Update Apr 6: Report on the event from the Chronicle...
Today at 2 p.m., U.C. Berkeley will webcast a media briefing by "leading West Coast seismologists who will discuss their recommendations for establishing an earthquake early warning system in California, Oregon and Washington."
From the media advisory:
Earthquake scientists from Washington, Oregon and California are meeting today and tomorrow, April 4 -5, to discuss the feasibility of establishing an earthquake early warning system for the West Coast similar to the one that gave a valuable heads-up in the recent giant quake in Japan. Such a system would place seismic monitors in a dense arrangement in fault zones and could begin sending warnings of impending ground-shaking within five seconds after an earthquake is detected by the nearest seismometer.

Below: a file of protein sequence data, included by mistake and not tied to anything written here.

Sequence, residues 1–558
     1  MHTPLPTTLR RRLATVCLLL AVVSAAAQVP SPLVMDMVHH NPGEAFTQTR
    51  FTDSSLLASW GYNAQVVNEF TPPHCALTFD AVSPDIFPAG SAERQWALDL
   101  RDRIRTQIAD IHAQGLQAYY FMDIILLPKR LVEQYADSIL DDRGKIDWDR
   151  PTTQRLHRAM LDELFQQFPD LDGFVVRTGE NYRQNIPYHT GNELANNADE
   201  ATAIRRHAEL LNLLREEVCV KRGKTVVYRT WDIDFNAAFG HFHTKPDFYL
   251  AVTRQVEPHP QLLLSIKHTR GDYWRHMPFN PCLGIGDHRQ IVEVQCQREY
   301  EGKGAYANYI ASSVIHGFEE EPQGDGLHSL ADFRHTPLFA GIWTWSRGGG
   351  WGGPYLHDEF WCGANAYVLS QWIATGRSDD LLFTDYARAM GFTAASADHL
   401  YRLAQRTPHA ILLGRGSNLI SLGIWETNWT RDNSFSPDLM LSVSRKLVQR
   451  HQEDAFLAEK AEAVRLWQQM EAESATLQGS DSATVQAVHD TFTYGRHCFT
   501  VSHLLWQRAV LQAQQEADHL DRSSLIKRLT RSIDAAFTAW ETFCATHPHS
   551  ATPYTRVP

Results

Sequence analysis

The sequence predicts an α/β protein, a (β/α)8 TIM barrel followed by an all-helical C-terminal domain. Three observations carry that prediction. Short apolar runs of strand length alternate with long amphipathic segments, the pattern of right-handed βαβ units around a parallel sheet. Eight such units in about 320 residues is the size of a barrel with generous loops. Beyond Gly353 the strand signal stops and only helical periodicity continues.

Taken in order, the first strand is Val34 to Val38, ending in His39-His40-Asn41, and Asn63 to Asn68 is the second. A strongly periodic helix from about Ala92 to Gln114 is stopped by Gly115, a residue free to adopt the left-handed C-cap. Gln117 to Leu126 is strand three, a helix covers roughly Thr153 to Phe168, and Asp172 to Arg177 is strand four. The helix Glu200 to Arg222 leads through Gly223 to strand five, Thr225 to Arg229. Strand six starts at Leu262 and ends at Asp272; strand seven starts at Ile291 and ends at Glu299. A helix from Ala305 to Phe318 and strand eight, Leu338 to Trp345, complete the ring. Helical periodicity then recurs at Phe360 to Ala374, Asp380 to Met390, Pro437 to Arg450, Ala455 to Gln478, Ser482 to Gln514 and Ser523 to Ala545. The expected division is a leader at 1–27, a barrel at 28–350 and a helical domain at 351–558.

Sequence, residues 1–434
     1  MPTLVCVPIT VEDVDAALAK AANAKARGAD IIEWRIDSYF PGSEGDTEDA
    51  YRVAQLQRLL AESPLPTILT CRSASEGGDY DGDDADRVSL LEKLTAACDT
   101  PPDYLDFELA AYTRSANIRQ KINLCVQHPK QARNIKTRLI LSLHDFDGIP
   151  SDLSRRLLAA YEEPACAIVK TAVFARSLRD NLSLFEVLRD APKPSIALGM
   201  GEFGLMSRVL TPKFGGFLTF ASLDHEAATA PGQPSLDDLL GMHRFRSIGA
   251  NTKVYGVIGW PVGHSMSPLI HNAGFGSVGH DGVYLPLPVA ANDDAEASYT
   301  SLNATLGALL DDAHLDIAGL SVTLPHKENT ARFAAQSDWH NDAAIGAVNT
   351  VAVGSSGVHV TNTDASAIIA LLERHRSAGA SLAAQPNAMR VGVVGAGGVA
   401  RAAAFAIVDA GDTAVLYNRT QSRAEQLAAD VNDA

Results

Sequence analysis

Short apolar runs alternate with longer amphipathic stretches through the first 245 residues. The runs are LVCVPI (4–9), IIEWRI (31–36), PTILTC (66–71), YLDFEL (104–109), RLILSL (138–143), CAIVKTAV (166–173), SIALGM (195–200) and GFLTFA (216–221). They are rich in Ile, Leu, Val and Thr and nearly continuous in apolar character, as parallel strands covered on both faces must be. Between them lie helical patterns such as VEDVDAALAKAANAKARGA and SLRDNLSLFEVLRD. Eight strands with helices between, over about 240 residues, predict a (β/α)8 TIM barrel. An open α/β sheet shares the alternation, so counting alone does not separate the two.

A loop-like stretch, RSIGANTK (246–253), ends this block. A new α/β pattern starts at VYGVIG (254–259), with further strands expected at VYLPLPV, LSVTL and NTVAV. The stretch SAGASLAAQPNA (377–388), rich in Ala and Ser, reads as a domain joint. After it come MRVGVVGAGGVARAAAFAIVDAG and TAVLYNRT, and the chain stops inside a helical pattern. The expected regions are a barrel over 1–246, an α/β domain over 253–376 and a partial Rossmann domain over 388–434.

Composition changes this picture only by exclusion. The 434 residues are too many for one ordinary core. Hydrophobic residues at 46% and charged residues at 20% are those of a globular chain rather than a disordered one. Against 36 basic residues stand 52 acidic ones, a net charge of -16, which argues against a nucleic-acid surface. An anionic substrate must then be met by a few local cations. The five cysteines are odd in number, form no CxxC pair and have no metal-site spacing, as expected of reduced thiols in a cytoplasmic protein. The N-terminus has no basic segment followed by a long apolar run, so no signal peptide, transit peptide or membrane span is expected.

“Japan’s earthquake early warning system undoubtedly saved thousands of lives, and will reduce the long-term impact of the earthquake on the economy,” said Allen, who has been working for nearly a decade to develop and test an earthquake early warning system in the United States. “A similar system in California could provide as much as a minute warning – and in Washington, as much as two-to-three minutes’ warning – so that some actions, many of them automated, can be taken before the destructive waves arrive.”
Even a warning of 30 seconds could be enough for a doctor to halt surgery, a factory to shut down sensitive equipment, for a train to stop before it reaches a vulnerable bridge or prevent airplanes from landing or taking off. That could save many lives and potentially prevent millions of dollars in damage, Allen said.
For more on the state of earthquake preparedness in California, the L.A. Times has a piece from April 1.
And on a related note, here's one of our more popular posts: an interview with the Director of the USGS Earthquake Science Center about the likelihood of a giant quake on the west coast, a day after the Japan temblor.